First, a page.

Russian parliament approves internet blacklist bill
Moscow: The Russian parliament has approved a legislation to give the state powers to block blacklisted websites.
The move has been criticised by internet freedom activists who say the law could be used to crack down on dissent.
The all-party State Duma committee that drafted the bill says it is necessary to combat websites that carry child pornography, drug promotion material and advice on suicide.
The law will see the creation of a federal agency to rule on which websites should be closed down.
"It is always argued that these laws are against extremism, child pornography, and so on, but this legislation will hit the opposition and freedom of political expression," said Alexander Morozov, head of Moscow think tank Center for Media Studies.
Analysts say Kremlin's control over national television channels has meant the internet has played a major role in the rise of unprecedented dissent against the 12-year rule of President Vladimir Putin.
Opposition figurehead Alexei Navalny, a popular anti-corruption blogger, said on his blog that the bill would transform the internet into a "Zombie Box" - opposition slang for national TV.
But the head of the committee, Yelena Mizulina, said critics of the bill were falsely attempting to accuse the authorities of censorship. "There is no censorship here," she said.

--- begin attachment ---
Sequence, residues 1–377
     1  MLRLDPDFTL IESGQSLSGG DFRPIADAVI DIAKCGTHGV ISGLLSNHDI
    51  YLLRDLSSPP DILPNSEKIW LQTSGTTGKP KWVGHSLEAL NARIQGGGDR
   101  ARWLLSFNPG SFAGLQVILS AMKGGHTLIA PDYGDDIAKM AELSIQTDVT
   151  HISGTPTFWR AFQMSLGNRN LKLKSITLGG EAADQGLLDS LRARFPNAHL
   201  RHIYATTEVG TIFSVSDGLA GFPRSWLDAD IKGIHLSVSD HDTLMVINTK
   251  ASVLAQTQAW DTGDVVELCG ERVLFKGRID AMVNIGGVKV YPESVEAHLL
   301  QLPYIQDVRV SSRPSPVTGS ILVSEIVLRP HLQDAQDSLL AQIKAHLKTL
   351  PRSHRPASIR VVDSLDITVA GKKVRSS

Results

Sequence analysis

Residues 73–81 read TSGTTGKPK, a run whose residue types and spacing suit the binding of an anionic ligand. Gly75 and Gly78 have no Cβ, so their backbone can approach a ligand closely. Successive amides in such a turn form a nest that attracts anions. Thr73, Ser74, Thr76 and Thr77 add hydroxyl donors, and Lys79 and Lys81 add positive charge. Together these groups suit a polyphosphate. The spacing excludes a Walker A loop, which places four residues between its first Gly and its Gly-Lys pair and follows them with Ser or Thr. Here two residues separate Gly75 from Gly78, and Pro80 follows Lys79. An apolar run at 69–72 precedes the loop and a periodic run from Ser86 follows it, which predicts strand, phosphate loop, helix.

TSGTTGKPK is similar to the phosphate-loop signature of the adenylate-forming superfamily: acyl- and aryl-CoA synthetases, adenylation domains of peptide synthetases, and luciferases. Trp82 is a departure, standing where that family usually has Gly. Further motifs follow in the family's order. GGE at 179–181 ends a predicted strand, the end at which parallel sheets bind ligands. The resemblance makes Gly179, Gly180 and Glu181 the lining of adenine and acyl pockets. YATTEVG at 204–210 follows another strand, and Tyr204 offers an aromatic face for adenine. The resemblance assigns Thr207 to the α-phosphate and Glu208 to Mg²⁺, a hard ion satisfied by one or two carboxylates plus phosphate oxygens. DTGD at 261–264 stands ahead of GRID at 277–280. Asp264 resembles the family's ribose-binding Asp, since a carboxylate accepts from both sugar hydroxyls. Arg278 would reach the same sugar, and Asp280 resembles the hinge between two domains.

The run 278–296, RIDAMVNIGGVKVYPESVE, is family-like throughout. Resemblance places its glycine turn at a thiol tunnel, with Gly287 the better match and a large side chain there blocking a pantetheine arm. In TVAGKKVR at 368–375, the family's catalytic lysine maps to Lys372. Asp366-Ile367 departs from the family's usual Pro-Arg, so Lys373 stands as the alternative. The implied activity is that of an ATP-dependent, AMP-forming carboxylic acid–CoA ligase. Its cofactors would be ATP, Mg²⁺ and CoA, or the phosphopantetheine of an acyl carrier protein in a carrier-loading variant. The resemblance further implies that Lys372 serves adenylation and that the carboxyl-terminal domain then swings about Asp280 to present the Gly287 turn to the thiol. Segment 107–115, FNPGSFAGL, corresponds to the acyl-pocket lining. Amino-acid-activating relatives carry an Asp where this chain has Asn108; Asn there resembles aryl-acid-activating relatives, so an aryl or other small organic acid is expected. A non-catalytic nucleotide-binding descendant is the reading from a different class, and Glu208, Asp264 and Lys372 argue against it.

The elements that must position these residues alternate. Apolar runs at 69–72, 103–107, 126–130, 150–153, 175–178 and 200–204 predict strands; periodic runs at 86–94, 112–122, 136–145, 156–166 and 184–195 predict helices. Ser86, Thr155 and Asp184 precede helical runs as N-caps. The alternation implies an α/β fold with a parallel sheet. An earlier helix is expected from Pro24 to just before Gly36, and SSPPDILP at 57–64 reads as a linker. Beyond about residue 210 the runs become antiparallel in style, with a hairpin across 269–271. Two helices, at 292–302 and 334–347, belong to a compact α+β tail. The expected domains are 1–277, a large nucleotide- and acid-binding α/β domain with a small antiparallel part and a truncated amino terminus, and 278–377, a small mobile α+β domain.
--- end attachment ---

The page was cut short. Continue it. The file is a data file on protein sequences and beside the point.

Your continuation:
Mizulina's comments came after the Russian-language version of Wikipedia closed down for a day Tuesday and blacked out its logo protesting the bill.
"Imagine a world without free knowledge," a statement on the empty website said.
Prime Minister Dmitry Medvedev, a keen user of social networks, appeared to partially criticise the bill ahead of the parliamentary vote.
"The basic principle is that the internet should be free," he told officials of his ruling United Russia party.
"But it should also observe people's basic rights and laws, including the right to information, but also the right to protection from harmful content."
The bill has been slammed by the Kremlin's own council on human rights, which said that the law would see a "new electronic curtain" descended on Russia.
The bill will now go to the upper house and could enter into law Jan 1, 2013.